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Nature. 1981 Apr 9;290(5806):508-12.

Supposed lamarckian inheritance of immunological tolerance.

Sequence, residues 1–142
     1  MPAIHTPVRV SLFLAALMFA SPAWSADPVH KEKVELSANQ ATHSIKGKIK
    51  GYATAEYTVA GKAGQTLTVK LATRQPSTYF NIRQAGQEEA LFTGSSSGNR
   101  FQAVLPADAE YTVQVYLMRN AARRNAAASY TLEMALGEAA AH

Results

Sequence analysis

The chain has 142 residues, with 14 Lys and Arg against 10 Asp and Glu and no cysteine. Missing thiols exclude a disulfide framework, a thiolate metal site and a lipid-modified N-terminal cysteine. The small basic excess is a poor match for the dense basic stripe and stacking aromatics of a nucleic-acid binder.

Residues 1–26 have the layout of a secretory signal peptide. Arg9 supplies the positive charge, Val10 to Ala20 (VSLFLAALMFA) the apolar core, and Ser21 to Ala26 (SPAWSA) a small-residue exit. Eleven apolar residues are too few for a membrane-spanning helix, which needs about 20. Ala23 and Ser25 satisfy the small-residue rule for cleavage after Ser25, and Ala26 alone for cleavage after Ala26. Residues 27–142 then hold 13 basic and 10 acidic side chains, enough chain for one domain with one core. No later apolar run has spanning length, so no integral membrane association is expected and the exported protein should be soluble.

The notion that an adaptation acquired during an organism's lifetime can somehow be imprinted on the genome and so become heritable has been faulted by every critical test to which it has hitherto been exposed, but many naturalists have lost their faith in what seems to them to be the all-encompassing explanatory glibness of neo-darwinism. Although this criticism is unfair it is entirely proper that neo-darwinism should be under constant critical scrutiny. Interest was therefore aroused by the claim of Gorczynski and Steele that tolerance of A strain antigens induced in CBA mice by injecting into them (CBA x A/J)F1 spleen and bone marrow cells could be transmitted down the male line. Such a claim is of particular interest because spermatozoa, unlike oocytes, are produced throughout life and might thus conceivably have participated in the mechanism envisaged by Steele as that responsible for the supposed transfer of genetic information from soma to germ plasm. It was claimed that as many as 60% of the progeny of tolerant fathers mated with normal CBA females were unresponsive or hyporesponsive in an in vitro assay in which their spleen cells were tested for reactivity against A/J strain histocompatibility antigens in the cell-mediated lympholysis assay (CML). We describe here our failure to confirm these findings and our inability to extend them by testing the progeny for their reactivity against skin allografts from the tolerance-conferring strain.

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